This art piece looks great in a window. The resist areas really show up well.
Polyester fabric seems to work best – use white unless a different background colour is desired.
Cut fabric to the size you want.
I recommend using Fray Check or other product around the edges of the fabric to prevent stray threads; let dry; or make small seams with a serger.
Tape down fabric onto wax paper, shiny side up.
Choose a variety of snowflake stencils and sizes. Please first snowflake stencil on fabric. Using Elmer’s Washable School No Run Gel glue, spread glue with tip or with sponge brush or cosmetic sponge. Lift carefully from fabric, and place next stencil then repeat. The glue will act as a resist.
Wash stencils when done and before glue dries. Wash sponges.
Let fabric dry at least 12 hours.
Mix 1 part fabric medium to 2 parts water in small jar. Brush fabric medium on fabric to wet it – works small parts at a time.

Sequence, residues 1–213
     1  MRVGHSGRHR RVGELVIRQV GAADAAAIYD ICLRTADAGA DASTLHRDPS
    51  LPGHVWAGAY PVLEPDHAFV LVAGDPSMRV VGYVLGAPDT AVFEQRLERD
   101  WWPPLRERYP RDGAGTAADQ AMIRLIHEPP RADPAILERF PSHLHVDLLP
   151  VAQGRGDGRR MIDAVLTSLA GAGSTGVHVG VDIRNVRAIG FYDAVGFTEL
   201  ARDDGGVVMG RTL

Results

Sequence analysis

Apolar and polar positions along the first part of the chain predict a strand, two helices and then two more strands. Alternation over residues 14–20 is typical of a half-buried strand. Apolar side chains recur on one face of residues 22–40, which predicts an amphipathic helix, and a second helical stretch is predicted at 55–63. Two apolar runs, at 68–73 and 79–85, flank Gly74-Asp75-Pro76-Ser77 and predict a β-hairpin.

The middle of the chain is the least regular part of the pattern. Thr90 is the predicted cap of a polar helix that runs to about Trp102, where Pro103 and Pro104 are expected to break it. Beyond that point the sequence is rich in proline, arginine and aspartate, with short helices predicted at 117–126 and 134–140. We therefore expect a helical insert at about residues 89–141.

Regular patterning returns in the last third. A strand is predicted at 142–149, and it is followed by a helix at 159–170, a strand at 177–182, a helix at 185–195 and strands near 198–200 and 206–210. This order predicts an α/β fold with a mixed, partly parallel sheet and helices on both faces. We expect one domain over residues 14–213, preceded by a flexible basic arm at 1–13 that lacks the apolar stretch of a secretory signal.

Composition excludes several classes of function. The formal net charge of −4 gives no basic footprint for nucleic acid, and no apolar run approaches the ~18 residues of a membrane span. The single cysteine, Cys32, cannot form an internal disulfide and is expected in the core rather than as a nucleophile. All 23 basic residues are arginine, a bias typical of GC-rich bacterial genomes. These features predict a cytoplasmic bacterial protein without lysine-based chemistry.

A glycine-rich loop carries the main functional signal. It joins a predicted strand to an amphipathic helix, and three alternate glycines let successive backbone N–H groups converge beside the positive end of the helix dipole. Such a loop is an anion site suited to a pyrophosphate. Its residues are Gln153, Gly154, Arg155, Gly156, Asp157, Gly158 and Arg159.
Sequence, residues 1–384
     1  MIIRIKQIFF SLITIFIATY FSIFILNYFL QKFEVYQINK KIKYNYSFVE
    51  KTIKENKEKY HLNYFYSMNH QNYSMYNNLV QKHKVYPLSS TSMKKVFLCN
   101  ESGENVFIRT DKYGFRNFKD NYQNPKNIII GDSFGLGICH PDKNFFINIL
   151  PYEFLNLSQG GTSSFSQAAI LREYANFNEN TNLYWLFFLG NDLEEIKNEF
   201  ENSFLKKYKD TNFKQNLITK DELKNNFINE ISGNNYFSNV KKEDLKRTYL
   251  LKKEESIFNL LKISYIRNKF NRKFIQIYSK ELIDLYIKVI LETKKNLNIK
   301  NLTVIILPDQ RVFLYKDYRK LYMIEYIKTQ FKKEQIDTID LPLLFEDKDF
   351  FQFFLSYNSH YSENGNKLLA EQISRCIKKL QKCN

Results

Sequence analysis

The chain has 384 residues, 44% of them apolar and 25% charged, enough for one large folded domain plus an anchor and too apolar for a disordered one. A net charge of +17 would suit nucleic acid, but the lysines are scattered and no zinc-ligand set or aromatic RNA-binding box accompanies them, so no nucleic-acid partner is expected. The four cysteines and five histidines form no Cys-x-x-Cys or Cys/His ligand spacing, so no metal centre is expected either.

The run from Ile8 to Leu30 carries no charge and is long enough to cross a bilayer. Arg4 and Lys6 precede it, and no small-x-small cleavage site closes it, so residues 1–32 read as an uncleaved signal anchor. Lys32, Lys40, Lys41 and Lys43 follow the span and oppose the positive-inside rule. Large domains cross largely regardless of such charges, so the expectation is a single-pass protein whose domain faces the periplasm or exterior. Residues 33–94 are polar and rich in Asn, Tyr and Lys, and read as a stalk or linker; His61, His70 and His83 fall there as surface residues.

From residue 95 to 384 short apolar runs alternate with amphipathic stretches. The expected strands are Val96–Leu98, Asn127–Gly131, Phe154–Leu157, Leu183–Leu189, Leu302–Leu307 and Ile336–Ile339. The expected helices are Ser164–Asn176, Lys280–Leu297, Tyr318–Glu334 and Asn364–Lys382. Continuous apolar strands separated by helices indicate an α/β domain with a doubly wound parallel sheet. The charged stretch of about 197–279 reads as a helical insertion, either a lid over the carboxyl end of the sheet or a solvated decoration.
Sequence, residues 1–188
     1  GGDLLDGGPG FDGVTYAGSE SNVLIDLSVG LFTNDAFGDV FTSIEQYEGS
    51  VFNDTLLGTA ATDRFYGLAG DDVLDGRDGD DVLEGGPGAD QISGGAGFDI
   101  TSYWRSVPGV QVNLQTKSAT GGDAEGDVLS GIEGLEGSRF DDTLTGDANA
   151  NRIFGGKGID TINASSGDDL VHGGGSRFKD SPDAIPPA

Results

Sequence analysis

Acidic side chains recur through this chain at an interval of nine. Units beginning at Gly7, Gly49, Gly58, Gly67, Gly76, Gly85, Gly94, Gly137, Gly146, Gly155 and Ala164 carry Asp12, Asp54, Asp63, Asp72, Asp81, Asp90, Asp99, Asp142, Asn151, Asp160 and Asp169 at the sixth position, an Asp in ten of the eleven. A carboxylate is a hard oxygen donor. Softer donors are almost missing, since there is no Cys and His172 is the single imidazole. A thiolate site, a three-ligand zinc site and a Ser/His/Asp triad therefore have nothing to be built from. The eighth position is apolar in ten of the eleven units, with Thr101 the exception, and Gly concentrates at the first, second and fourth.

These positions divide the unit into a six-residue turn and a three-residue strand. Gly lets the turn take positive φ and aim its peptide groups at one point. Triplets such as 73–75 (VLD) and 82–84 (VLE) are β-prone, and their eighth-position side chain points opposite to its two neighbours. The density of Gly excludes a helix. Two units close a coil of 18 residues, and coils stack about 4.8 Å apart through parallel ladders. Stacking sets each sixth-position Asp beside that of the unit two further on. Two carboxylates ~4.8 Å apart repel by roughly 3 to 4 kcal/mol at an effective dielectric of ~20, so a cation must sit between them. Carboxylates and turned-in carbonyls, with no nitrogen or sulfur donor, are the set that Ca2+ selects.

I used watercolour pencils for this painting. Choose a background olour and a second colour to add some contrast.
Begin to lay down the background colour one section at a time, adding a bit of the second colour for contrast or highlight. The pencils do not need to be
sharp, but should not be too dull either. It works best to dip the tip of the
pencil into the fabric medium/water mixture.
Begin to mix colours together before the fabric dries. If it dries add more water. Use a wet cosmetic sponge and gently make circles to blend the colours together and to remove any blotches of colour that you do not want. Do not press too hard. If they colours do not blend well, leave for a few minutes then go back to it again. This will give the water time to “melt” the
Once done, let your drawing dry. Remove painters tape.
Hang in a window to let the light shine through the snowflakes.